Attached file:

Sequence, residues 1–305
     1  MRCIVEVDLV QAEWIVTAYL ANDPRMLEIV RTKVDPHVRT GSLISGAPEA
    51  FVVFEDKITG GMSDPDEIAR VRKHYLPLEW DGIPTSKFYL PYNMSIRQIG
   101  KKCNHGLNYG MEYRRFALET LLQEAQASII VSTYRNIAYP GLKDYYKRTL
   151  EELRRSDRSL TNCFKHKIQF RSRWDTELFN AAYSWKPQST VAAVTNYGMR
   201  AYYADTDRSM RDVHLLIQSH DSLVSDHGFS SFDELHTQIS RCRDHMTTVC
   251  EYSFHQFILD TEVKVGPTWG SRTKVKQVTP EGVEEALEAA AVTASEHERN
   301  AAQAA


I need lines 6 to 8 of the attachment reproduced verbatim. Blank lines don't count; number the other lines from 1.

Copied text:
   201  AYYADTDRSM RDVHLLIQSH DSLVSDHGFS SFDELHTQIS RCRDHMTTVC
   251  EYSFHQFILD TEVKVGPTWG SRTKVKQVTP EGVEEALEAA AVTASEHERN
   301  AAQAA